It's one of those things that happens to all of us; we live right next to this attraction that visitors come from all over to see, and all we do is drive right by every time we go to the mainland. I am a bit surprised I have never previously visited this state park but there it is. I noticed it on the Friday returning from Sarasota, so that Sunday I took the Vespa 58 miles from my house to Mile Marker 85 in Islamorada.
Windley Key it turns out is one of the higher islands in the chain created out of coral reefs that dried out when seas receded, but it's main claim to fame is Flagler's Quarry, because it turns out the railroad used crushed rock mined here go build the rail bed. So the state park has two components, the geologic history and the human history, principally Flagler's East Coast extension railroad.
I have to say I was surprised to see Jack Riepe captured as a young man writing his heart out in a wicker chair in the lounge car of a publicity picture for the 1912 train. He was obviously thinner back then but there he was, penning his immortal prose promoting modern transportation:
The visitor center is full of the usual displays and explanations:
Snails and trains. Flagler bought the Windley Key land for $852 they tell us. Which considering how little people earned, ten dollars a week for trained labor, at the turn of the century it was an enormous sum.
This model explains the evolution of Windley Key over the past 125,000 years (creationists need to skip this bit for the numbers won't make sense of course) when sea levels rose and fell as polar ice melted and reformed at assorted intervals 100,000 and 20,000 years ago. The coral built up and hot left high and dry until Flagler's engineers came along and dug the quarry as represented by the cut at the left.
Enough indoor stuff, time to enjoy some trails...outside the visitor center there was a fine example of a channel cutter on its rails. Apparently the machine had a gasoline engine for the oscillating blades on either side that could cut the coral rock six inches deep at one go.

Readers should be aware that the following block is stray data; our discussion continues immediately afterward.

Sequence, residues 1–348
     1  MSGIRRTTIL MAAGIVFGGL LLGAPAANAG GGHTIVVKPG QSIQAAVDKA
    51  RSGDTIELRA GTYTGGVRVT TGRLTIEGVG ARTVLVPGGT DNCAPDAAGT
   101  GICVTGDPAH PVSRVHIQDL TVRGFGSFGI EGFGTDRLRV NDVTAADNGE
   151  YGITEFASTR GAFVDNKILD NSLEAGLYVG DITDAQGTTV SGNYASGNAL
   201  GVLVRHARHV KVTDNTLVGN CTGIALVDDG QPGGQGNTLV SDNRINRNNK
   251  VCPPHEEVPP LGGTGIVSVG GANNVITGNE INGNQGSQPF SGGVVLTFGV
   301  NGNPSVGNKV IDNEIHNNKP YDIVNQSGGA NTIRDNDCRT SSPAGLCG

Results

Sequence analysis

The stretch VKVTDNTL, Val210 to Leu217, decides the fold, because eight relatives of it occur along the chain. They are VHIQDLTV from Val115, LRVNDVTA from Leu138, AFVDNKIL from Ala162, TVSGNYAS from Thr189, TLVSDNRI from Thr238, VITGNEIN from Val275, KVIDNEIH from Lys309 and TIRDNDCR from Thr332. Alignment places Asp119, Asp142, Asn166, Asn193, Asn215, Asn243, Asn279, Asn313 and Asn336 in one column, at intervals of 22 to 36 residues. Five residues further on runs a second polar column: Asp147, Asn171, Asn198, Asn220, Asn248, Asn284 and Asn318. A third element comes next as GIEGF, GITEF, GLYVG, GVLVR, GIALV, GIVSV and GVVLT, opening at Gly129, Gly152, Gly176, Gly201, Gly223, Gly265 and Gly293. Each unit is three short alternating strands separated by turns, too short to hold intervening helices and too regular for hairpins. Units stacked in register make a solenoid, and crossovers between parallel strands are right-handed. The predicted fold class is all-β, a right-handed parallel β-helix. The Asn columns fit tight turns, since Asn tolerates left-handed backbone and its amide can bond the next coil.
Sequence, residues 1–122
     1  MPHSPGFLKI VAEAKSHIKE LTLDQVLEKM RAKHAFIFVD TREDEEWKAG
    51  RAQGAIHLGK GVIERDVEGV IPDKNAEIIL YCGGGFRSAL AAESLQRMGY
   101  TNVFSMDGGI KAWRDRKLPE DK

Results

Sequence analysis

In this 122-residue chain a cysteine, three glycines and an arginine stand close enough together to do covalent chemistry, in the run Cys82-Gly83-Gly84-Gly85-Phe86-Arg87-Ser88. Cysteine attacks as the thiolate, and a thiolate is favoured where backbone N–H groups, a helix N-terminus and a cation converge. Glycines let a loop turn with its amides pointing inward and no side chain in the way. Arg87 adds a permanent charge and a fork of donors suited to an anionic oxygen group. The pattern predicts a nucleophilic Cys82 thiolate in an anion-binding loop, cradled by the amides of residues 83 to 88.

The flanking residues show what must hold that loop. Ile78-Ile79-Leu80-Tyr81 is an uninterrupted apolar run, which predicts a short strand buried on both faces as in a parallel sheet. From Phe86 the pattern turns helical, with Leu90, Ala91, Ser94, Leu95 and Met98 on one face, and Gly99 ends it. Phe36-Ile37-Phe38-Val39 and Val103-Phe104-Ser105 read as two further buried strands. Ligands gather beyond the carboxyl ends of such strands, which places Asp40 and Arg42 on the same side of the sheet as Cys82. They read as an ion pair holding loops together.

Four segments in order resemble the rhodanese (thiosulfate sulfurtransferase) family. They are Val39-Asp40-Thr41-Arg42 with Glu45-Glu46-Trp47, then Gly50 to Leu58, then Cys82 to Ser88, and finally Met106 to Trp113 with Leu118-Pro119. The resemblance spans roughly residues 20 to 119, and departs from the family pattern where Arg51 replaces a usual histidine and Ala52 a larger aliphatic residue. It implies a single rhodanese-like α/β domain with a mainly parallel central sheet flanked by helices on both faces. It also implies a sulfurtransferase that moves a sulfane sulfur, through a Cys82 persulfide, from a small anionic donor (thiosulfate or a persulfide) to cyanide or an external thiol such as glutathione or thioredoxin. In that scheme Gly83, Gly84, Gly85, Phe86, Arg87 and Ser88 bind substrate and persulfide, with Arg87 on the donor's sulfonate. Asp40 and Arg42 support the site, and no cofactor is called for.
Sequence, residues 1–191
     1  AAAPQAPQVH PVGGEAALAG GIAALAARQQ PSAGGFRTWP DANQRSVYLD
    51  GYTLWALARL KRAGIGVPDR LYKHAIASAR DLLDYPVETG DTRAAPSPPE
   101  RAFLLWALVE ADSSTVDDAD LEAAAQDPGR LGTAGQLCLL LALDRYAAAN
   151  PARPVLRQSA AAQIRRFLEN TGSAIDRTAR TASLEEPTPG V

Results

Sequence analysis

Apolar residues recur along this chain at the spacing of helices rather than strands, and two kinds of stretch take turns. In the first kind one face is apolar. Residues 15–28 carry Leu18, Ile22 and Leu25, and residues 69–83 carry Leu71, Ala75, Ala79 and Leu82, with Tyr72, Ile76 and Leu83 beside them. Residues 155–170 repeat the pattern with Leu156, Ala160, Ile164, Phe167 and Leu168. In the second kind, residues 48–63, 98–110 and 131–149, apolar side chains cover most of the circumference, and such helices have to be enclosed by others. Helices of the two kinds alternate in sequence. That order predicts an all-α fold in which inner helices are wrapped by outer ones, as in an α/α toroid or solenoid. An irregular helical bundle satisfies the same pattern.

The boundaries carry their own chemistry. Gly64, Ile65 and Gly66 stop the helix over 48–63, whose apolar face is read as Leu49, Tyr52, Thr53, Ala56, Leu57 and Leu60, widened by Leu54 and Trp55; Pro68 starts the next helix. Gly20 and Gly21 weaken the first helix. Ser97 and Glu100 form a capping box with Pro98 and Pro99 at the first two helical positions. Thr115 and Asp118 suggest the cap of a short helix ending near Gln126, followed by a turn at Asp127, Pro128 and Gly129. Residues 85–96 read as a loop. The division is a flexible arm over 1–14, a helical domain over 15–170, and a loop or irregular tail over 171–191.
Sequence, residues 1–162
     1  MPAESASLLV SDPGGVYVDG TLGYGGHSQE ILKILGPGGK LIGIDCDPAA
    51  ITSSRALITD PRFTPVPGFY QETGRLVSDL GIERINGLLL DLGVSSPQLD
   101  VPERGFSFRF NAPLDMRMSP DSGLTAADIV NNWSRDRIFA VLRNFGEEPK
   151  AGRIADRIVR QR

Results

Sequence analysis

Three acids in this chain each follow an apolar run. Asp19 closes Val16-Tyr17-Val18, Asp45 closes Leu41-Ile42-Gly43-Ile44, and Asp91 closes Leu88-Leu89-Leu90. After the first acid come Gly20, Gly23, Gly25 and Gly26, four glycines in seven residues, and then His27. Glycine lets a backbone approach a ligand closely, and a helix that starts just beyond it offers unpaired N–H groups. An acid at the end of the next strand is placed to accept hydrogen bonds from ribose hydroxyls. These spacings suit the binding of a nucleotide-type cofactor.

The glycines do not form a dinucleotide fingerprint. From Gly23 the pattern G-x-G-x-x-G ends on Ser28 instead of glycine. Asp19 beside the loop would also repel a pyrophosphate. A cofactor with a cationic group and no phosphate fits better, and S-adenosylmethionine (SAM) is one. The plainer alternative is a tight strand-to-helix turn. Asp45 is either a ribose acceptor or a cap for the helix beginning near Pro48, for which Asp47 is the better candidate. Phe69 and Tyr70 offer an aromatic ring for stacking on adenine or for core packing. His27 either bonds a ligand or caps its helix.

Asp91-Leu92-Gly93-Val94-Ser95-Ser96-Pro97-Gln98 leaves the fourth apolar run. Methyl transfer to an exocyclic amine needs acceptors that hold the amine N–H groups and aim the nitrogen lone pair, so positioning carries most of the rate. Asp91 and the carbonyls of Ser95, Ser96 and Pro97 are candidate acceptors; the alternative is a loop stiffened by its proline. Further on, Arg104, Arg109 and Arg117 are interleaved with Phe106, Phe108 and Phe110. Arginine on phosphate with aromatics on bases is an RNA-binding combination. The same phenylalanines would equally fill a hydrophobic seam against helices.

The operator would flush the channel with saltwater and after making enough passes to cut the rock to a depth of say ten feet they would turn the machine at ninety degrees and do the same all over again. Then using wedges or dynamite (!) they would detach the cubes and sell them as ornamental rocks fit for carving.
All this effort they figured out when they had done pulverizing the coral rock for use as filler in the rail bed.
I took far too many pictures of the three trails in the park, but figure it was a lovely warm fall afternoon, clear blue skies, bright sunshine and dry shirt sleeve temperatures around 80 degrees.
I had the park to myself and I spent two very happy hours wandering around and enjoying the different spaces. This is the original Flagler Quarry:
This is what the coral rock looked like after the channel cutter had its way with it:
I should like a plant with a silly billy name like "wild dilly." I never remember what they are called after I leave the parks and their handy labels. I did see something special in the visitor center on the subject of labels. Someone, not attributed had put together an exquisite catalogue of plants, delicate water colors under plastic in a binder listing alphabetically all and any plants likely to be found in the park. State parks really are a labor of love, and anyone who tells you government sucks is someone who knows very little of what motivates the best in this country.
Frankly I could do without the eight trillion dollars of debt W's Iraq War generated but he did make Iraqi oil safe for Exxon. I'd rather see eight trillion wasted building up our parks and roads and bridges but that would be government waste... The sunset trail appears to be a work in progress, rough hewn as it were:
Instead of ending up at a splendid overlook at water’s edge I found this rather brusque notice:
I suppose in the fullness of time this too will get sorted. The Hammock Trail is completed and very nice it is too winding its way for 15 minutes through gumbo limbo and...other magnificent trees.
By Florida a Keys standards the land is quite hilly, with dips and rises, elevation changes of six or seven feet, exaggerated by the rock quarrying here and there.
With everything explored and studied it was a quarter to five in the afternoon and time to leave before they closed the gate promptly right at five. According to the ranger it's the time of year these monstrous vast spiders, this one the size of my phone, spin their webs. She said the females are the big ones, the males are much smaller. Nice I said, finally a species where the bloke doesn't have to do the heavy lifting. She smiled, yes but he also dies after only one year of life. Umm... I have naturally forgotten the name of the breed.
I got out in time, the gate was still open, back to the hurly burly of a busy Overseas Highway.
The traffic was mostly headed north back to another week of traffic jams and crowds and big city routines. I pointed the Vespa south and west and opened her up. At sea level with a following wind 55 was easy, sixty felt brisk and purposeful. Cars in my direction were few and we disposed of the below speed limit dawdlers before they realized the moped was crushing their penises by passing them. Then they fell back as though they meant to let the annoying wasp go by. I made good time.
Finally a picture of my beloved who has spent the past week Up North, by all reports having a grand time without me. Seen here courtesy of my wife walking in Fort Pickens - Gulf Islands. Finally we are to be reunited tonight and I can't wait.